Will Your Spouse’s Income Affect SSI Eligibility?
Posted on behalf of Dayes Law Firm PC on Mar 28, 2017 in SSD
Supplemental Security Income (SSI) is a needs-based disability benefits program offered by the Social Security Administration (SSA).
In order to qualify for this type of benefit, you must meet the requirements for SSI, which include limitations on the amount of income you can have. The SSA will analyze all of your income, including that which is earned, unearned, in-kind and deemed.
If you are married, your spouse’s income, or a portion of it, may be deemed available to you, which could reduce your benefit or render you ineligible. The SSA uses the term “deem” to identify the part of your spouse’s income that is available to you to pay for everyday living expenses.
Who is a Spouse?
An applicant is considered to have a spouse if he or she is legally married and living with a member of the opposite sex. In this situation, a spouse’s income may be deemed available to the applicant.
Similarly, if you are not legally married but present yourself as a husband or wife of your partner, SSA may consider your partner a spouse for income deeming purposes.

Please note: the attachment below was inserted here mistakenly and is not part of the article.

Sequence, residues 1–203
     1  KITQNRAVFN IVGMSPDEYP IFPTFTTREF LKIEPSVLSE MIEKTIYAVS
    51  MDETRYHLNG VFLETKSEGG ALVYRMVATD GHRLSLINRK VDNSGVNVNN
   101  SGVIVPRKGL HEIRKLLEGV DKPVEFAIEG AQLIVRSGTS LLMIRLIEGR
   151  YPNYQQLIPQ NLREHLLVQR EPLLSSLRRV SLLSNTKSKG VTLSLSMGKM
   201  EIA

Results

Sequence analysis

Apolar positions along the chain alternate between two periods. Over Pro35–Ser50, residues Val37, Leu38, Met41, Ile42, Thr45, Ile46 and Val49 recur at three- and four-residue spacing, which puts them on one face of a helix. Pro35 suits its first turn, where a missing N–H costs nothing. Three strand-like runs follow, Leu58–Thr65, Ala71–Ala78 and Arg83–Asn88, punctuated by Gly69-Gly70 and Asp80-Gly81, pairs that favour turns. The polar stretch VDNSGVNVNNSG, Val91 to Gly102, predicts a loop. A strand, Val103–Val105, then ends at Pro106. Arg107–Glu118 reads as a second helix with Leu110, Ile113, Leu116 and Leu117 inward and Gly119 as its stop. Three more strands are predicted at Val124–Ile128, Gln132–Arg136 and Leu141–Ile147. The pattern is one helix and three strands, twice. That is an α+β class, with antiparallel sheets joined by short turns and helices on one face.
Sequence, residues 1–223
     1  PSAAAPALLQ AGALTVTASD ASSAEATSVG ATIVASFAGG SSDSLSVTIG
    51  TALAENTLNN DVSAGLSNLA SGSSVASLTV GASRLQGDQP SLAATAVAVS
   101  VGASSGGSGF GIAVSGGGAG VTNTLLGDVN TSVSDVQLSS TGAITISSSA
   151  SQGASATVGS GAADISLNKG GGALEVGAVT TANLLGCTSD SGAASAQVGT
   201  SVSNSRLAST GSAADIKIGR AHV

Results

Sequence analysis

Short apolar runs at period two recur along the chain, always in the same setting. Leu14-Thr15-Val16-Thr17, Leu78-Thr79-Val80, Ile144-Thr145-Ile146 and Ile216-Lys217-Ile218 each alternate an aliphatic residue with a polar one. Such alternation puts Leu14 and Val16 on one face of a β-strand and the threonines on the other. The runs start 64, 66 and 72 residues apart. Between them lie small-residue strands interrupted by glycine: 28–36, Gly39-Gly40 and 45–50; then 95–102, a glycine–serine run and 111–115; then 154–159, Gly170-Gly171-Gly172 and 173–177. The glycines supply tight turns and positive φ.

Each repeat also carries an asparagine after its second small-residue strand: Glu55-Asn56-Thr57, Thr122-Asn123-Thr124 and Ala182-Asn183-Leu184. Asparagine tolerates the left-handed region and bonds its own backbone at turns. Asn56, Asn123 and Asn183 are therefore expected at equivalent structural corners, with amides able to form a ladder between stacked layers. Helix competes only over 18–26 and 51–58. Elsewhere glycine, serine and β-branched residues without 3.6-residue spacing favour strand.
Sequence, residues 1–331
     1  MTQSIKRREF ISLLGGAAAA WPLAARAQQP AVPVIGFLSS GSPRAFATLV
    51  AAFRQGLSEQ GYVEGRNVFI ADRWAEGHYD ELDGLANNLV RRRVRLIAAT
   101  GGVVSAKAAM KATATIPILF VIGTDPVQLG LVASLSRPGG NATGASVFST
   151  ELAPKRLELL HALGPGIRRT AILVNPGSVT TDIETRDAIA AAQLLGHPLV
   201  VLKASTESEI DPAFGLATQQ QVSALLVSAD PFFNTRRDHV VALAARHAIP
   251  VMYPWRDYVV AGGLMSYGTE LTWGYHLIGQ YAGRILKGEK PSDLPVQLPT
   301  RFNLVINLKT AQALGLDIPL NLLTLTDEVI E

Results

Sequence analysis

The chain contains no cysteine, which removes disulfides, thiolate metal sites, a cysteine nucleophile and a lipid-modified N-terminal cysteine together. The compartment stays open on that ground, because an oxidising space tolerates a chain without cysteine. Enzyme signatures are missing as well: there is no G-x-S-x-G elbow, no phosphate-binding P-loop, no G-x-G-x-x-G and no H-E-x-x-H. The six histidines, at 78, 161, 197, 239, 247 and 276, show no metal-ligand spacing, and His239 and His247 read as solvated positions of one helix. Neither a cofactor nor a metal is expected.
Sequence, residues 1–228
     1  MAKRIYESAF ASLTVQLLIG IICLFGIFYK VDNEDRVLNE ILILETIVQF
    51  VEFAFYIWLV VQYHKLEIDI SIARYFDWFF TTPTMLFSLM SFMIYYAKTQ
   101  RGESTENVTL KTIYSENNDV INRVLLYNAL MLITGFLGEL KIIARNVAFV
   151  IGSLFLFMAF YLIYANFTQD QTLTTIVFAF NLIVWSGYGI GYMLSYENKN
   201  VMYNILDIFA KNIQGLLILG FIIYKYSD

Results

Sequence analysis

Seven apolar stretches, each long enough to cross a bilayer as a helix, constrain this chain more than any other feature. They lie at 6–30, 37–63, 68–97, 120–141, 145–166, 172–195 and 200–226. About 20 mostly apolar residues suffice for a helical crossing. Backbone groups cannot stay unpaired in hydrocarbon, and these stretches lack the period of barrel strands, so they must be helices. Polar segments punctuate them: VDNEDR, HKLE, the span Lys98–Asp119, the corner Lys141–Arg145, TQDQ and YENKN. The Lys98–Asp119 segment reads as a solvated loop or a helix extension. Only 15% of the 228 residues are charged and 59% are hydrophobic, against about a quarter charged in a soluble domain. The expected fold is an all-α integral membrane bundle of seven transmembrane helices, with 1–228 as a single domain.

When is Spousal Income Applied?
If your spouse earns more than $368 per month in 2017, his or her income can be deemed and applied to you.
If you have children, the amount of your spouse’s income is multiplied by the number of children you have plus your spouse to determine the amount that can be deemed to you.
For example, if you have one child, your spouse can make up to $735 each month without income being deemed. For each dependent, $368 in spouse income is allotted per child before income can be deemed.
How Much Spousal Income Can Be Deemed?
The SSA uses a specific formula to deem an applicant’s spouse’s income. In general:
- An allocation of $368 in spousal income can be deducted for each child as living expenses
- Some deductions may be applied to calculate your countable income. Generally, $65 to $85 is subtracted, and the remainder is divided to equal countable income.
The amount of countable income that remains after all allocations and deductions are removed will be the amount of spousal income applied or deemed to you.
From here, the SSA will determine the amount of benefits you may be eligible for.
If you are having trouble getting your SSI claim approved, or need guidance on how to appeal a denied claim, the Social Security Disability lawyers at Dayes Law Firm PC have the experience and expertise you need on your side.